As we departed our last campground in Moodus, Connecticut and turned out the driveway towards our new rental in Youngsville, New York, the mood in the cab shifted a couple of times. After two miles, Beth said she wanted to drive the truck. She had a 1:00 pm Zoom call, so Beth offered to take the driver’s seat until our lunch break. We switched at the next stop sign.
Switching to the passenger seat was anxiety-provoking for me, probably because I’m so accustomed to being in the driver’s seat. And because Beth doesn’t drive often, she’s apt to be a little more nervous, too. (Truth be told, I unsuccessfully hide my nerves while I’m driving. But that’s another story.)
Ten minutes into the drive, Beth said, “Did you lock the door to the camper?” This is SOP when we drive since it can pop open when we hit a bump. My first thought was, “You put up the stairs and closed the door. Why didn’t you lock it up, goshdarnit?” Of course, I didn’t say that, but I thought it, so this changed the already thickening tension in the truck.
Beth then began to look for a place to pull over so that we could lock the door, but we were driving down winding single-lane country roads. So, I’m saying “Relax. It’s not an emergency. We’ll find a place to pull over,” while Beth is gripping the steering wheel ever tighter and not agreeing with me one bit. Are you married people getting the picture? I thought so.
Anyway, a stop light eventually appeared and yours truly jumped out, locked the door and we returned to the drive. I tried to say something nice like, “It’s good that you realized that before we got on the highway,” but I was still thinking, “Thank God it didn’t pop open because then Beth would be angrier and the day would go to shit.”
By this time, we were in the middle of a city that we had to pass through to get to the highways, so there were a few tight turns to make which Beth approached with an understandable amount of concentration and, if truth be told, fear.
“You much prefer driving on the highways,” I said to cut the tension.
“You better believe it,” she replied (reply cleaned up for PG audiences).
Thankfully, the mood shifted to a more relaxed place when we pulled onto the highway and we started talking again. I think that we both recognized that there was some sadness and anxiety taking place inside of us and that we were projecting those emotions onto one another instead of talking about the feelings. As is the case with conflicts like this, we eventually acknowledged what was happening and our breath returned to normal. “There’s a lot of changes happening,” one of us said and the other nodded in agreement.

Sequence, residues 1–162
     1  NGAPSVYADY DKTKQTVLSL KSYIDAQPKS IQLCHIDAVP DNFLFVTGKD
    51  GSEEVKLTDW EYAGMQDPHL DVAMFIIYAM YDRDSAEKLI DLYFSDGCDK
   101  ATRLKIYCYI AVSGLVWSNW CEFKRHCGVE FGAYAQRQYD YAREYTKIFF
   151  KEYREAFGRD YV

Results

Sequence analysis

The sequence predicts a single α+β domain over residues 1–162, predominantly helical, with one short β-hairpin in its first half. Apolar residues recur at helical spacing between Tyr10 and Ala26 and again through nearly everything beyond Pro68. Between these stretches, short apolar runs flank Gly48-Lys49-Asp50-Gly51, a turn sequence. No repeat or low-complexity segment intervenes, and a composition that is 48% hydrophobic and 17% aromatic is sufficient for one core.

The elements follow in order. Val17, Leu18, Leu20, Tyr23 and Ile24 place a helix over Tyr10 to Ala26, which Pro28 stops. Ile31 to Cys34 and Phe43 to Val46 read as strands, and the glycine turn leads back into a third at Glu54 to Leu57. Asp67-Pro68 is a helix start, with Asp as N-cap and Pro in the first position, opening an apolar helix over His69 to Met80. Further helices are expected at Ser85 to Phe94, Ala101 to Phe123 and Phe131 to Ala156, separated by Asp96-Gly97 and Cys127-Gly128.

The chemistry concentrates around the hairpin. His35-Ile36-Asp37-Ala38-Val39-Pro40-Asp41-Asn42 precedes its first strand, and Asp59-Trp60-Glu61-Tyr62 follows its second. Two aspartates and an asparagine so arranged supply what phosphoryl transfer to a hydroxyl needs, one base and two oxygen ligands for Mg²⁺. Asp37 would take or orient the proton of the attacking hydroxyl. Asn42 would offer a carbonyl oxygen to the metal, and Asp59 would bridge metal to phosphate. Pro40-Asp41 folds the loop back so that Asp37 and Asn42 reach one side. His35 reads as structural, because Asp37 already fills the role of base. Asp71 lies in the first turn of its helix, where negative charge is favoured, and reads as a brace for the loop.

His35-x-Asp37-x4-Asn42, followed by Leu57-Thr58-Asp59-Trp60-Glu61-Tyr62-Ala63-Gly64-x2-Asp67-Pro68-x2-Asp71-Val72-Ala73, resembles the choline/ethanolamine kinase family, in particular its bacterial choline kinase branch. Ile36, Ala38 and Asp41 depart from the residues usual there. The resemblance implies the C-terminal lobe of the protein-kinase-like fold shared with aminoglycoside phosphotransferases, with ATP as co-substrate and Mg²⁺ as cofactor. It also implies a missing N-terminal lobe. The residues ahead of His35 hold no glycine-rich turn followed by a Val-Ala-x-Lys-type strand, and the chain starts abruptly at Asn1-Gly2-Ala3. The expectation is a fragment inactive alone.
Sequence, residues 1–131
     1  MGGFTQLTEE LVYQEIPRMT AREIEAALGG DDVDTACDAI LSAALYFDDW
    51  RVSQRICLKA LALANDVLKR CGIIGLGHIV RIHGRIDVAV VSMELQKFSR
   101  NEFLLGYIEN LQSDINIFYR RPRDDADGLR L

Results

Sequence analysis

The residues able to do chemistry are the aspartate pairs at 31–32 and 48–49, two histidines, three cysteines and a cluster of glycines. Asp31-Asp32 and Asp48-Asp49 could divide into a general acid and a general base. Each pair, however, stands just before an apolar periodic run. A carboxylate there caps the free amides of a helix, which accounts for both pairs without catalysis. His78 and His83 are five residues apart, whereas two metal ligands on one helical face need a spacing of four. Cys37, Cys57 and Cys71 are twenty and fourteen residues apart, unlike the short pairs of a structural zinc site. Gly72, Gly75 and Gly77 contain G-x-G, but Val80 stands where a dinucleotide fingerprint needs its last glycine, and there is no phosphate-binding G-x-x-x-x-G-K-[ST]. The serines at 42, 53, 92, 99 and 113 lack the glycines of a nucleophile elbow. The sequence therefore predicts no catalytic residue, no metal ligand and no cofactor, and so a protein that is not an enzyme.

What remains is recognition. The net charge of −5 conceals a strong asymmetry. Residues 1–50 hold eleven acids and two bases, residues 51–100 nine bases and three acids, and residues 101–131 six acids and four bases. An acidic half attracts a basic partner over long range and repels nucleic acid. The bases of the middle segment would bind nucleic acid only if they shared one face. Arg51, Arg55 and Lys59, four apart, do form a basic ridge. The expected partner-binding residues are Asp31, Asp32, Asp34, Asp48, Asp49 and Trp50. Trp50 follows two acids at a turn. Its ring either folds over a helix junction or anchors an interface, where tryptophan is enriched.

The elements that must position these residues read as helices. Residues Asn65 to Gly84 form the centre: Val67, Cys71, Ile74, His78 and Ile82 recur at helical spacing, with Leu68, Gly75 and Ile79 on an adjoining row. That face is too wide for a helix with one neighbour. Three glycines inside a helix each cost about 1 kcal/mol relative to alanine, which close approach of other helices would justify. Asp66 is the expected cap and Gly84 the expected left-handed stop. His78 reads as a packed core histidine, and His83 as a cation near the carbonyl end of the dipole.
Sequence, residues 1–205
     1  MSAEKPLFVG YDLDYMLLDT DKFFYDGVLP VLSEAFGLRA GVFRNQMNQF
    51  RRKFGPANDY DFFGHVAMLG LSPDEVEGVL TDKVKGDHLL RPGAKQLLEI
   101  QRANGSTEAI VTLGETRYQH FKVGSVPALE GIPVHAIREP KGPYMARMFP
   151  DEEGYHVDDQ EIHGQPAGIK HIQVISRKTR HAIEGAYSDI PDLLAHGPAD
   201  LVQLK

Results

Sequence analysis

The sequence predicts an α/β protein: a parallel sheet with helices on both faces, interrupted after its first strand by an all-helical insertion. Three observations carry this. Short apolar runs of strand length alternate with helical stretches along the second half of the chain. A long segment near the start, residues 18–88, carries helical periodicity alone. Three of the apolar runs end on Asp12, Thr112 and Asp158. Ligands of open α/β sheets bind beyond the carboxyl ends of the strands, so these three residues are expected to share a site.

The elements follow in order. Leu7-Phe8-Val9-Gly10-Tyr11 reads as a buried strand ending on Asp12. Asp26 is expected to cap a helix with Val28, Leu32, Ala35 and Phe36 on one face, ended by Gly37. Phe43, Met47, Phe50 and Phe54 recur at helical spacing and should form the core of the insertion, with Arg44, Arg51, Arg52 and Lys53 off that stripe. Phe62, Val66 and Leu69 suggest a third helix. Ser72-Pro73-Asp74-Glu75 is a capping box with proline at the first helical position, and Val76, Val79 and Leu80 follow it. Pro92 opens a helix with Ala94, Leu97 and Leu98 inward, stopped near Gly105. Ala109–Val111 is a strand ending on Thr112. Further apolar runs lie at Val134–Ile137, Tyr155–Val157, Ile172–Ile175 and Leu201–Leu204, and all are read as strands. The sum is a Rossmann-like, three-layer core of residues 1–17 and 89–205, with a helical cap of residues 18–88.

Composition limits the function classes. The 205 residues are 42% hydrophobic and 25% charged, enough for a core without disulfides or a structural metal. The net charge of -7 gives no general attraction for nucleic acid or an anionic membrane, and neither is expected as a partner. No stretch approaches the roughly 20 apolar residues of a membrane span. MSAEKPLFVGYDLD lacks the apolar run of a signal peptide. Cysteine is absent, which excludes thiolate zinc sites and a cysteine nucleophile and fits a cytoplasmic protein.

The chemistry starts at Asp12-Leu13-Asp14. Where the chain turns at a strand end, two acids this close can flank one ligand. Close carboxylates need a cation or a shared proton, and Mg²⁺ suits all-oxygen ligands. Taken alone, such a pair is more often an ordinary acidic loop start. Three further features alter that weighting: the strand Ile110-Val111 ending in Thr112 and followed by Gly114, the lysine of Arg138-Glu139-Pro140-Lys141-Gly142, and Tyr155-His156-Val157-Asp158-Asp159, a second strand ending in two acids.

Another major fight was avoided. Hooray for us.
The next significant switch occurred for me as we entered Sullivan County, about 30 minutes from our final destination. I was not expecting a strong, fearful response to this next move. After all, we’ve been leaving and arriving at places non-stop for seven months! Why was this feeling so different?
Even though we were not buying a home and knew that we would be leaving this rental in 8-10 months, it still felt like I was doing something risky and scary. I said it aloud to Beth. Ten minutes later while turning off the highway, Beth said that she was beginning to feel it, too.
The difference between how we dealt with our fear in the morning was much different than the way we handled it in later. As a couple, we always succeed when we communicate versus try to bury our feelings and wing it. Evidently, this is a lesson that we have to learn over and over, but I know that we’re getting better at it as is evidenced by the way we changed our approach from morning to afternoon.
The rest of the day was fairly blissful. We met our landlord and new friend, Don, and his wife, Helene. They live in the big house and will be here for a few more weeks before heading to Santa Monica for the colder months. We parked and leveled the camper, saged and blessed the home, brought in essentials for the evening, let Bradley get the run of the big lawn, and made a simple dinner of leftovers and a salad.
After dinner, we went out for ice cream and then came back and watched the stars. It was a clear night, so there were hundreds of them to see.
Waking up this morning, I said, “I think I can really like this place.” It’s good to have a home.